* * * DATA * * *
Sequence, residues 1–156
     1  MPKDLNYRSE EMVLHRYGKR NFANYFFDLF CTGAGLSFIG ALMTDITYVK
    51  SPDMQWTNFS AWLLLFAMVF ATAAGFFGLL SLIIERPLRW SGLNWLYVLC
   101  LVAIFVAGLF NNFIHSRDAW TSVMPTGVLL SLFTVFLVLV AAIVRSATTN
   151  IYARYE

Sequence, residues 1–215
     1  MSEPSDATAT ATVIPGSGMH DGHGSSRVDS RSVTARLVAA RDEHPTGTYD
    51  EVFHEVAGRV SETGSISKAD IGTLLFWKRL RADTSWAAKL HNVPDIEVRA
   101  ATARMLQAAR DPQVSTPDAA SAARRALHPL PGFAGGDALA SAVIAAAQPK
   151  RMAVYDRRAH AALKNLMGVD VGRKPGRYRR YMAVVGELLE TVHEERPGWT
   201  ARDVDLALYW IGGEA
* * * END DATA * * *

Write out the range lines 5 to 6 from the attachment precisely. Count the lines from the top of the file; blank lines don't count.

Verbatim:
   151  IYARYE

Sequence, residues 1–215